2 Lay out the locations of the half-lap joints on the angled ends of the seat and back supports (A, B) where shown in the Half-lap Detail in Figure 1. To find the shoulder line, lay one piece on top of the other, so that the mitered end of the top board is flush with the edge of the other, and draw on the bottom board. Rearrange the two boards so that the bottom board is on top and mark the other shoulder. Set a marking gauge to one-half the thickness of your stock and scribe a line along the edges and ends of both pieces.

3 Outfit your tablesaw with a ¾" dado set. Adjust the height just shy of the scribed line. Using two pieces of scrap, make a test cut on the ends and check the fit. Continue raising the blade and retesting the cut until the stock faces are flush with each other and there is no offset between the two. Now cut the half-laps on the seat (A) and back (B) parts as shown in Photo A. Clean up the half-lap rabbets with a sanding block.

Cut the angled rabbets on the mating half-lap ends of the seat and back supports by first cutting along your cutline and then removing the waste.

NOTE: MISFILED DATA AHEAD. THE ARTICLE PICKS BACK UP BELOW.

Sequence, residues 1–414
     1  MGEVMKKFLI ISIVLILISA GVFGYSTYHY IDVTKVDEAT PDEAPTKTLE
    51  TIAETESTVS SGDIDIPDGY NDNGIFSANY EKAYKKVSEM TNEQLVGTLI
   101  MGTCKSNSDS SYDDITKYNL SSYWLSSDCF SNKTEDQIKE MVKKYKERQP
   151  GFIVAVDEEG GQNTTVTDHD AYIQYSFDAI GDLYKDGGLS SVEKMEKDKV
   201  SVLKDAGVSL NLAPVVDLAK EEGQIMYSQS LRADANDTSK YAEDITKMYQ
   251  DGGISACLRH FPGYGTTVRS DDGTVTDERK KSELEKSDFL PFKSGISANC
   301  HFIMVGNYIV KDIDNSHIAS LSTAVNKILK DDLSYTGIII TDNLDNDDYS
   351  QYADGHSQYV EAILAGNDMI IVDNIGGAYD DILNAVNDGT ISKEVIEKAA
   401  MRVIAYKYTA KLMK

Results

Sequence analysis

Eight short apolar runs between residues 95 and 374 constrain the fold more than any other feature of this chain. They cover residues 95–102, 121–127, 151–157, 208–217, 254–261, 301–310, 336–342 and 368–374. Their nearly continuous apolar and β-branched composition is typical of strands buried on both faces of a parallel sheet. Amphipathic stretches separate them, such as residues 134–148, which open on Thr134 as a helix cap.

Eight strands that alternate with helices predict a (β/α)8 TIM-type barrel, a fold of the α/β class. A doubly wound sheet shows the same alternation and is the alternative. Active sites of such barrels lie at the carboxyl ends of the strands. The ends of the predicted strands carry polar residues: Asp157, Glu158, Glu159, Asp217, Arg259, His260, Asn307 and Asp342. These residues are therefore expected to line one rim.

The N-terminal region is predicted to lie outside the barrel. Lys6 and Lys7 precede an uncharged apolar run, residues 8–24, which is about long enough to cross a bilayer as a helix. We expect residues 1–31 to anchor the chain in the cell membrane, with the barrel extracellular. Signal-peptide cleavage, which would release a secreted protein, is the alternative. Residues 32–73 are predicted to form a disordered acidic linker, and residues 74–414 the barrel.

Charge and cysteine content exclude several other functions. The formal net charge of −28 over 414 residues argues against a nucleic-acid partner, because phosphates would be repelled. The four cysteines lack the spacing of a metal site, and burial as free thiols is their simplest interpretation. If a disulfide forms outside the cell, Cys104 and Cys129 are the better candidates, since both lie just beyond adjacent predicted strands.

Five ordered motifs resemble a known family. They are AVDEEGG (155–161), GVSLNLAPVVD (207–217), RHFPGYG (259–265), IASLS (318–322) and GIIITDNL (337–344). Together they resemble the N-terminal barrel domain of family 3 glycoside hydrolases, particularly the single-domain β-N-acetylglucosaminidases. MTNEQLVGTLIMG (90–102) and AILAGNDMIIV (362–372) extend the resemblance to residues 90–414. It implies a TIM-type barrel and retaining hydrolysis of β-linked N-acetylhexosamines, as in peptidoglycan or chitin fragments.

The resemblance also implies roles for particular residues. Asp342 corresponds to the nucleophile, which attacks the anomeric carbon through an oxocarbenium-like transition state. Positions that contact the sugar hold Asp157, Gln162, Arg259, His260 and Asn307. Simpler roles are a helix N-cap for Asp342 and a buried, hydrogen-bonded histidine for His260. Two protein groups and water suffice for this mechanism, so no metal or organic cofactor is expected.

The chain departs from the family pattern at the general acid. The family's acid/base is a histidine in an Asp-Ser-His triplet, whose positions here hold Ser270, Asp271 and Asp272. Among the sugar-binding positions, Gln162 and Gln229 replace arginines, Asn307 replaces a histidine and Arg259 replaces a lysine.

Use a ¼" blade in your bandsaw to cut along the outside edges of the pattern cutline to remove the waste. Later, sand the edges smooth.

4 Apply exterior glue to the mating half-laps, and then clamp the pairs together to make three seat/back assemblies (A/B). Let cure.

5 Enlarge the Seat/Back Pattern on page 38 to full-size and affix it to one of the seat/back assemblies (A/B). Align the pattern’s back and bottom edges with your wood. Saw the seat/back to final shape along the front and top edges, cutting just outside the line as shown in Photo B.